Tuesday 20 August 2019

On Blu-ray - David Hare extols "John Ford's greatest film" WAGON MASTER (USA, 1950)

Two of my favorite things from Ford's greatest film Wagon Master.
Ben Johnson (above, click on any image for a slideshow) and his magnificent savour faire, with those superb thighs sprawled over his horse, as he stares down the local con artists. 
And the wagon train dog (below) captured here in the credits, who, noticing Bert Glennon's camera comes right up to it before sniffing and barking at us, while the credits roll on implacably. 
From the gorgeous new Warner Archive Blu Ray, in all likelihood sourced from the superb 35mm interpos they used for the now five plus year old DVD.
If you don't love this film you may as well give up on life.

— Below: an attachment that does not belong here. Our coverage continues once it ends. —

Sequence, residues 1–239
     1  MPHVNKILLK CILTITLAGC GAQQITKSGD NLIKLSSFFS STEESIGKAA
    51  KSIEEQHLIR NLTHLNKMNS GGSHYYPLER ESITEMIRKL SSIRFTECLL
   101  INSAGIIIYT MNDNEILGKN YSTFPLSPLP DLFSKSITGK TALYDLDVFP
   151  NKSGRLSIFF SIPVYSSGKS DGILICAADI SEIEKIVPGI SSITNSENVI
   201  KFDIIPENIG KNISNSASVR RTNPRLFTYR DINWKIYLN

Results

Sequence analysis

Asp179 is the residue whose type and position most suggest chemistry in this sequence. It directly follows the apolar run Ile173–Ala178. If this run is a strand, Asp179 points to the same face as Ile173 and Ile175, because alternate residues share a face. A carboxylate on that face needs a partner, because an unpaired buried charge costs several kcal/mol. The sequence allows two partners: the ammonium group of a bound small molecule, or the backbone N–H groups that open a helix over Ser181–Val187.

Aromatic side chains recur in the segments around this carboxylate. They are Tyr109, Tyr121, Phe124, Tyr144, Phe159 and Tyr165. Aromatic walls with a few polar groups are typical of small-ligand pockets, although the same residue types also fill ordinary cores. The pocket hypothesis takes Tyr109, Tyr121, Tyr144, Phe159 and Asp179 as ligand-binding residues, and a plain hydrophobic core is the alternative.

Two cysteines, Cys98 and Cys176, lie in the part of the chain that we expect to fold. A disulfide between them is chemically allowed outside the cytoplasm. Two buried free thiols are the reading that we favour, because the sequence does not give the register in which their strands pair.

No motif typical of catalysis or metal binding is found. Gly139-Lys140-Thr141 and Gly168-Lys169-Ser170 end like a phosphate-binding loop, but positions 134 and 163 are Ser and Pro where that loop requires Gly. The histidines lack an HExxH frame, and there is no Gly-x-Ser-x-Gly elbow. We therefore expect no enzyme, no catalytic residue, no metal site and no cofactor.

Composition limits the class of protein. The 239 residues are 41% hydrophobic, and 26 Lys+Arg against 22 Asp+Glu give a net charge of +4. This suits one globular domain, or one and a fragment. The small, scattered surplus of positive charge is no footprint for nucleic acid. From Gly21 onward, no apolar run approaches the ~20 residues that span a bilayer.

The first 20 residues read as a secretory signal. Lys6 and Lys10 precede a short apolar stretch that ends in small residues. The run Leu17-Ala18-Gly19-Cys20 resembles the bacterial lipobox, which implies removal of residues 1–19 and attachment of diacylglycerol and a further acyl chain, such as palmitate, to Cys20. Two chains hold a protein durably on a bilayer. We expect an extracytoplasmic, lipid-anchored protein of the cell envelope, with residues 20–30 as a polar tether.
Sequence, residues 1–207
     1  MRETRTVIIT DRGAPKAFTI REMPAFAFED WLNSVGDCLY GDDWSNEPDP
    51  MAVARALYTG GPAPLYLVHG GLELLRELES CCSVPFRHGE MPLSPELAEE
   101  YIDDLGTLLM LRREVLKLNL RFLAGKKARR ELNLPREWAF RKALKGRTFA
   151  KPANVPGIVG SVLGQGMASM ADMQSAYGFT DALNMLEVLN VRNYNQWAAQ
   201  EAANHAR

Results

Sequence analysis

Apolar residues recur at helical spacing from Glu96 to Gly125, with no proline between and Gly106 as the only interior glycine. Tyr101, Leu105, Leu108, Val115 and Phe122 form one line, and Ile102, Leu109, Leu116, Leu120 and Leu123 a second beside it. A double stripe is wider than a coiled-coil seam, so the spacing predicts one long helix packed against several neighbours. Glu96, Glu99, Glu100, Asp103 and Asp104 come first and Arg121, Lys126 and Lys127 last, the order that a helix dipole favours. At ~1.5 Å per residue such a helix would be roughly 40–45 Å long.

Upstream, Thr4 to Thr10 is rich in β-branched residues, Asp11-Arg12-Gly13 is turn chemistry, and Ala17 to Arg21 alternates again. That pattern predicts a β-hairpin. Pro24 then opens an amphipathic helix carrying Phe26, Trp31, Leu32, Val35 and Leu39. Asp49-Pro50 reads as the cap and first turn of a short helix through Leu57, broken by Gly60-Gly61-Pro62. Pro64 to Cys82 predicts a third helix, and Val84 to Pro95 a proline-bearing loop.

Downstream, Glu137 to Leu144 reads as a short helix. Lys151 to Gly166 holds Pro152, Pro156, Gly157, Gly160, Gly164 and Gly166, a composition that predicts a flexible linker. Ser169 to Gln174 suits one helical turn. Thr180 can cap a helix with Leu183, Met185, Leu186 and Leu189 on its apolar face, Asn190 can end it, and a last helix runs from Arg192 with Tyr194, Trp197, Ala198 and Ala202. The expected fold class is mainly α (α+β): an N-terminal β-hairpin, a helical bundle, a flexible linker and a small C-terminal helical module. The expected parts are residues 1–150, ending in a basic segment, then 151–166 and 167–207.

The first apparition of Joanne Dru
Wagon Master's trajectory is a majestically directed and "handled" picture that plays like it is literally improvising itself as it runs for its 86 minutes. Even though every single characterization begins as one of Ford's trademark vignettes which present each character in turn. 

Like Stagecoach which ends the 30s, Wagon Master begins the 50s with a journey, not to Lordsville (or the City of God) this time, but to an incredible final shot by Bert Glennon of the landscape of Paradise, which becomes steadily illuminated by blinding light to the final credit. 

I am only sorry Tag Gallagher didn't get a chance to do a vid for Warners on this occasion.

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